The Sacred in Contemporary Jewish Life
May 11, 2010
Rabbi Donniel Hartman
The notions of living a life shaped by the sacred and holy have historically been one of the essential aspirations of Jewish life. What meaning do these categories have today? What role can they play in shaping contemporary Jewish life for the individual and the collective? Watch the video.
The State of the Jewish Collective
February 17, 2010
With panelists Kathy Manning and Jerry Silverman
Over the last decade, large-scale Jewish institutions have sought to adapt and respond to the new challenges and opportunities of twenty-first century American Jewish life. How might these institutions use their understanding of today’s Jewish landscape to create a collective strategy for fostering a culture of Jewish renaissance?
Elevating Jewish Ethics
October 19, 2009
With panelists Rabbi Joseph Telushkin, and Alana Newhouse
The Jewish community has recently been plagued by a series of damaging and highly publicized scandals. The impact of these troubling events has been felt across the spectrum of Jewish life, including the community’s perceptions of trust, transparency, and leadership. How might we elevate the importance of Jewish ethics and values within the community in a way that simultaneously creates a more welcoming and open environment?
Renaissance in a Time of Ration: A Vision for the Future
May 12, 2009
Richard Joel and Wayne Firestone, moderated by Rabbi Sharon Cohen Anisfeld
Over the last year the Jewish community has entered into a challenging period, which has been driven by a sudden reduction of communal resources and a broad anxiety about its future trajectory. How might the communities we build on college campuses serve as incubators for supporting and revitalizing the Jewish community of tomorrow?
Cooperation and Conflict: Relations between African Americans and Jews from Dr. Martin Luther King, Jr. to Barack Obama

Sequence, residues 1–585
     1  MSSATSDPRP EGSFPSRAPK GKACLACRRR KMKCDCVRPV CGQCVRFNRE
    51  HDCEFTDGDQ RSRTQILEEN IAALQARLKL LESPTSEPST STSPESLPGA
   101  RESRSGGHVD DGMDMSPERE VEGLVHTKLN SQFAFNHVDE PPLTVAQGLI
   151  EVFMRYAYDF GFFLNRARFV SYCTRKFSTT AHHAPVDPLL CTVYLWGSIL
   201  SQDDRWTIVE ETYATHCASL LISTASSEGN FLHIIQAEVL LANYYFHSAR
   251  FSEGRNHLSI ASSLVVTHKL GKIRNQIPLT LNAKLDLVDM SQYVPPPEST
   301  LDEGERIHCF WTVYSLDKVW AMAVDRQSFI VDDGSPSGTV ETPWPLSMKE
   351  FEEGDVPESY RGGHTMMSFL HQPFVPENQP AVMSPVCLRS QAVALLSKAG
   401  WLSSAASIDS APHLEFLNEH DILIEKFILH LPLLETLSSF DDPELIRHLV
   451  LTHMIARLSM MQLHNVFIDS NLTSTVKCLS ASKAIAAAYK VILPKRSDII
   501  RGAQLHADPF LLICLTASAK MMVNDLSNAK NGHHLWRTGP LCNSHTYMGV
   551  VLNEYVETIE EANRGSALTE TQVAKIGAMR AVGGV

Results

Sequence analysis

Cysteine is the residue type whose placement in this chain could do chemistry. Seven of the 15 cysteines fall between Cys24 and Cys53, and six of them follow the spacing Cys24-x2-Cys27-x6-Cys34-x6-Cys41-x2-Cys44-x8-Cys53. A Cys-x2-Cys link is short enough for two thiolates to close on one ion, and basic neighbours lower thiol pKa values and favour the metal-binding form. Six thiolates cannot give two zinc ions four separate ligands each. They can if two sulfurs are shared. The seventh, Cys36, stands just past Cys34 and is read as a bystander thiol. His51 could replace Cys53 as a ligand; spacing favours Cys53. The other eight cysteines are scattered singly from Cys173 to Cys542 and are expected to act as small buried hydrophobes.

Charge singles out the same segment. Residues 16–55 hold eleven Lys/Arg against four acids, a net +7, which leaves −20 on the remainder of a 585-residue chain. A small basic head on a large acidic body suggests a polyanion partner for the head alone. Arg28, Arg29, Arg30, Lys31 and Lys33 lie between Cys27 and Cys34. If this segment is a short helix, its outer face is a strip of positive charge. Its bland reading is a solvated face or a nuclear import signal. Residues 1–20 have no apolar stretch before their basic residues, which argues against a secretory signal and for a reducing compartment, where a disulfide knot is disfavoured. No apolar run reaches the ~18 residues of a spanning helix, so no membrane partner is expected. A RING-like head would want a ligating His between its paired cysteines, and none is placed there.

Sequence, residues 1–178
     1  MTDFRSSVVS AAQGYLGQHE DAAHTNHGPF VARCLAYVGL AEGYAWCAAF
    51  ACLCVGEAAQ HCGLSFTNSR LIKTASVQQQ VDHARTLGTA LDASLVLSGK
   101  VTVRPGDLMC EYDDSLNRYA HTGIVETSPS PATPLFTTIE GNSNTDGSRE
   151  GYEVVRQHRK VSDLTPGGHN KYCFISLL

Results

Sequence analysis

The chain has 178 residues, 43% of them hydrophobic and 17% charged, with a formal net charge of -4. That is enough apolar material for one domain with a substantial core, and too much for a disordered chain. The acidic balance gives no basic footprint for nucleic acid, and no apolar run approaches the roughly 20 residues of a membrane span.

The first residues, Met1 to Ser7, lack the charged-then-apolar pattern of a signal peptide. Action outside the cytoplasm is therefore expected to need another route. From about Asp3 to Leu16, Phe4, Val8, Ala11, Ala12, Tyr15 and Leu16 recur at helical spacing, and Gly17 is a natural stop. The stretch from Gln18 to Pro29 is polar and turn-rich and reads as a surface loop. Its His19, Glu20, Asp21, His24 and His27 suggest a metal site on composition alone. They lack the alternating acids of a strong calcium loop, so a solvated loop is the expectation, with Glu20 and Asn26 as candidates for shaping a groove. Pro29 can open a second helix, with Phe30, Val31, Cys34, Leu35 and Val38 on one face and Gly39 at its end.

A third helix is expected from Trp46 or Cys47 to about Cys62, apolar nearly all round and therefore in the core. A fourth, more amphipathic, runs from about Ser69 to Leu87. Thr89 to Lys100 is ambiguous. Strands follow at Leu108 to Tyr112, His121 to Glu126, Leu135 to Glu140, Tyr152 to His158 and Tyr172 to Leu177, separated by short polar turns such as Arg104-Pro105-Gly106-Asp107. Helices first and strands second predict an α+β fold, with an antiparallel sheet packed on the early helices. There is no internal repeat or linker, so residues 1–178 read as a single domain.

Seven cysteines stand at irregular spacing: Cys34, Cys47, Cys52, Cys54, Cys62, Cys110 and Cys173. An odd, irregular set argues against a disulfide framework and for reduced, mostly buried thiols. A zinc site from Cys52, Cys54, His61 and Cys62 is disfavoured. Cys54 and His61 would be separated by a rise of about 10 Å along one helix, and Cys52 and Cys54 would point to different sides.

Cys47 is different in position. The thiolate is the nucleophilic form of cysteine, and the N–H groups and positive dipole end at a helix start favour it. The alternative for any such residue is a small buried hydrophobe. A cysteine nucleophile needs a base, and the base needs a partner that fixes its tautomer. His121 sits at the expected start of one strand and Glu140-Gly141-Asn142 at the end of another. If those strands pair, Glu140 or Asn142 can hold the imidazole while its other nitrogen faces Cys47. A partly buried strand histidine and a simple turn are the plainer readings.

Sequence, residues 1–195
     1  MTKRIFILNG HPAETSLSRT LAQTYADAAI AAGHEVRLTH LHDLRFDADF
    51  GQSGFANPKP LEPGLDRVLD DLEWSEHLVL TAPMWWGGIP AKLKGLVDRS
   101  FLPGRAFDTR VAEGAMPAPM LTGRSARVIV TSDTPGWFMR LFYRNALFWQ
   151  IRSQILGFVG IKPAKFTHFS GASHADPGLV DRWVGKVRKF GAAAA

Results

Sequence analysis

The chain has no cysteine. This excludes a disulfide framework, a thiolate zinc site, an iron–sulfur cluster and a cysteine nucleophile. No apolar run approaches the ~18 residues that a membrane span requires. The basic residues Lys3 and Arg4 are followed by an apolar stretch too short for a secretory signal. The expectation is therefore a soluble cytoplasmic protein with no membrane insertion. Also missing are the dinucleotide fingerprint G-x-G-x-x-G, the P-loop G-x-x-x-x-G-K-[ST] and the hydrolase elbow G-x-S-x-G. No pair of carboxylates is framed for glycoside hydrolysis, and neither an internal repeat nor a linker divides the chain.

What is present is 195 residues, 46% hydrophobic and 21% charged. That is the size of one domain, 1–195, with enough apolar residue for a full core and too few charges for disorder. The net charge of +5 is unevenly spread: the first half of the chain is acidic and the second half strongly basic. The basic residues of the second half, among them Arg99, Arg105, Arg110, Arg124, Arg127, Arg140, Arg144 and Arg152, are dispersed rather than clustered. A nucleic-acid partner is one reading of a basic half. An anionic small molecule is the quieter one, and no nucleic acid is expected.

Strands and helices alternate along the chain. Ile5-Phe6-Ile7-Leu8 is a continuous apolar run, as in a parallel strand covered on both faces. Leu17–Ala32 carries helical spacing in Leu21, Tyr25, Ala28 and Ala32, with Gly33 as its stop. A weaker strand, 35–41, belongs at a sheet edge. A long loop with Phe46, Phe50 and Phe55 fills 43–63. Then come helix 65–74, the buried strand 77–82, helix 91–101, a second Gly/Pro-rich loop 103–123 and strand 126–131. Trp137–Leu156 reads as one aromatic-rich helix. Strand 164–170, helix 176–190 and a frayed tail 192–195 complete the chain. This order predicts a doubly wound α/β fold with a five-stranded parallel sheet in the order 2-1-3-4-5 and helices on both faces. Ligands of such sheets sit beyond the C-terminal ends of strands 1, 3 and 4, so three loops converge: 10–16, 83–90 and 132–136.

January 14, 2009
With panelists Rabbi Marc Schneier and Martin Luther King III, moderated by Rabbi Andy Bachman
The early civil rights era in America is often looked upon as the golden age of positive relationships and strong coalitions between the African American and Jewish communities. How did the recent election of Barack Obama help to reinforce and build new bridges of cooperation between these two communities?
Talent, Trend or Marketing: Exploring Jewish Writing in the
October 27, 2008
With panelists Rebecca Goldstein and Jonathan Rosen, moderated by Professor Jeremy Dauber
Over the past decade a new wave of Jewish writers has appeared to achieve an unprecedented level of success and popularity in the American mainstream. Are we witnessing an astounding renaissance in Jewish literature or does the current market for Jewish themed books represent a more thorough integration of Jewish culture and life into mainstream American narratives?
After Bush: The Middle East, Israel and the Presidential Elections
April 29, 2008
Presented by David Makovsky, Senior Fellow and Director of The Washington Institute's Project on the Middle East Peach Process
The next American President will face potential conflicting interests on issues ranging from energy needs and regional stability, to a reassessment of the war on terror and the possibility of negotiations with Iran. What will this mean for US foreign policy in the Middle East? And what differences, if any, can we expect for a Democratic or Republic Presidency?
Do Rallies Still Matter? Purposeful Activism in the 21st Century
January 30, 2008
With panelists Ruth Messinger and Rabbi Avi Weiss, moderated by Daniel Septimus of MyJewishLearning.com
The rise of the internet, social networks, decreases in American anti-Semitism and a growing interest in global human rights causes are redefining the scope and nature of Jewish activism. How has this generation changed the work of Jewish social activists, and what does it mean for the Jewish community and the world today?
Why isn’t My Rabbi More…?: The American Rabbinate and What it Means Today
October 17, 2007
With Panelists Rabbi Sharon Cohen-Anisfeld, Alisa Doctoroff and Rabbi Kenneth Hain, moderated by Dr. Michelle Friedman
The American rabbinate has undergone considerable changes in the last forty years. What was once viewed as an untouchable figurehead who presided over large congregations is evolving into a pastoral leader who is responsible for myriad social intellectual and spiritual activities. How has the rabbinate responded to these and other happenings and what does it mean for American Jewry today?